There’s no better way to kick off a Leafs season than to beat the Canadiens in their own rink, inspiring some hilarious yet predictable non-blowout booing from the fans and some verbal pleas to the front office to strike a deal with their unsigned RFA.
In the fans’ defense, the Habs looked particularly poor in a close but sloppy game all around. An entertaining first period, a product of pent up anxiousness and energy from the players, gave way to a bit of a crash in the second and third, expected from a group of players that hadn’t played against NHL competition at an NHL pace in eight months.
Yep, it’s premature to draw too many conclusions out of this one. Certainly though, – forget the bigger picture – Kostka playing his first NHL game at the age of 27 and producing a near-23 all-situations minutes of pretty much flawless hockey (save one penalty) was impressive in and of itself. Nazem Kadri gathering some early confidence and rewarding his coach and GM’s faith in him – they had to make a hole in the lineup to give him this chance – is nothing but a good thing.
What you have to remember about both of those guys is that they had the benefit of playing a lot recently, but Kadri, alongside linemates Komarov and JvR, made a positive impact almost every shift. His goal was a fine display of goal scoring instinct, sensing an opportunity to sift into the seam unnoticed, taking Kessel‘s pass from skate to stick, and beating Price who had overplayed the pass to his left. He supplemented the goal with a few big hits and a concerted effort to take care of his own end. His oh-fer on the faceoff dot is a slight concern.
Back to the point, I am having a hard time remembering the Habs generating much of anything in the way of clear cut scoring chances five on five, and even after generating a powerplay goal, Les Habitants never really seemed likely to score another. That’s somewhat of a testament to tight defensive zone coverage from the Leafs. But when the Leafs sagged in the third and quit moving their feet (understandable in the circumstances after mostly taking it to the Habs for the first two), the Habs managed to both carry the play for a significant spell and never really look ominous.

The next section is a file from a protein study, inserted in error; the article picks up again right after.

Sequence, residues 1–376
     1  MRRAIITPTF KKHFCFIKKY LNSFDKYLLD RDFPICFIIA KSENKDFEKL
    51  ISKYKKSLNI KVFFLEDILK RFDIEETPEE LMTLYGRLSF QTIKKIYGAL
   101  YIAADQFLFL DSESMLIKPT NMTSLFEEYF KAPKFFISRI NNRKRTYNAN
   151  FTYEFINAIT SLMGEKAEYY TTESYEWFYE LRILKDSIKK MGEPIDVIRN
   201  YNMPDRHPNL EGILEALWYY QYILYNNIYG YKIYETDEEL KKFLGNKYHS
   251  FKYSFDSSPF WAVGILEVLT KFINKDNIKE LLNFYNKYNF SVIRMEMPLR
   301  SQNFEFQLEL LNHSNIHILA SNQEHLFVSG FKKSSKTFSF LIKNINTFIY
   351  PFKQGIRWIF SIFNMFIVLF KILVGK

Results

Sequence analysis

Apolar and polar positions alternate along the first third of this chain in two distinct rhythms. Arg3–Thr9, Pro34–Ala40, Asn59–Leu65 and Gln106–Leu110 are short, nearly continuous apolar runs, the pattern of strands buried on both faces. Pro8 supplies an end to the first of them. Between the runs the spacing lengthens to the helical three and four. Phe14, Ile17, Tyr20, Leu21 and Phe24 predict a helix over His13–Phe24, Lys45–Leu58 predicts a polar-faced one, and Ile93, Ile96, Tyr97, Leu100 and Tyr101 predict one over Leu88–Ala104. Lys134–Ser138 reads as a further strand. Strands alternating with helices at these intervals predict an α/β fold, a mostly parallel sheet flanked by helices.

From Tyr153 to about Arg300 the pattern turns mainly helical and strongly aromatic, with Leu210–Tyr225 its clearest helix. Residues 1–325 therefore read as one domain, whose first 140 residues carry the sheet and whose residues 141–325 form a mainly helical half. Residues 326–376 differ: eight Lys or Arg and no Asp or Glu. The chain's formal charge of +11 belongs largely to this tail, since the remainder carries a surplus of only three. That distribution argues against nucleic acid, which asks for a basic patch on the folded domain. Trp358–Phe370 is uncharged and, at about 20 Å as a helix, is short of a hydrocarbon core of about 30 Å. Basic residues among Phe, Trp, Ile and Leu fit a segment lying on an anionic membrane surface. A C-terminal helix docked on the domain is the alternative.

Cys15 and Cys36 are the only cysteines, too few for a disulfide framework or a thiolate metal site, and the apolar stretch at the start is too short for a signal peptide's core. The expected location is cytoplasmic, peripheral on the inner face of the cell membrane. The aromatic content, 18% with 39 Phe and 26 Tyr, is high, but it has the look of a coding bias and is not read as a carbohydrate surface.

All that can be safely said about Scrivens‘ performance is that he didn’t lose them the game and deserves the next start. The Leafs managed to keep the Habs out of the good ice with much consistency and they did an effective job of clearing the occasional wild rebound. That’s of course a good thing from a defensive standpoint, but is probably not a luxury he’ll enjoy consistently against more formidable offenses, especially those with more size in the top six, and it will be interesting to see how he handles his first good test. The hope is that the Leafs goaltenders will be less taxed by quality scoring opportunities than last season under the Ron Wilson system, and that what we saw last night was a preview of the Carlyle system at work in terms of the team’s defensive performance.
One player I’d like to give a nod out to who didn’t get mentioned in Mislav’s excellent Game in Ten last night was actually the least played Leafs defenceman, Cody Franson. No defenceman in Blue looked bad, but Franson broke up two or three plays with good stick work including a two on one generated off of a big hit on Kadri just outside the Leafs’ blueline.
Qualifiers aside, and there are plenty, this shortened season emphasizes the need for a good start. One down.
Saturday’s Three Stars: Blackhawks spoil Kings’ Banner Day, Jagr raises the beast
Ageless wonders Jagr and Selanne with big games last night.
Scrivens stops 21, Leafs top Canadiens 2-1
Cam Charron’s recap including a scoring chance breakdown.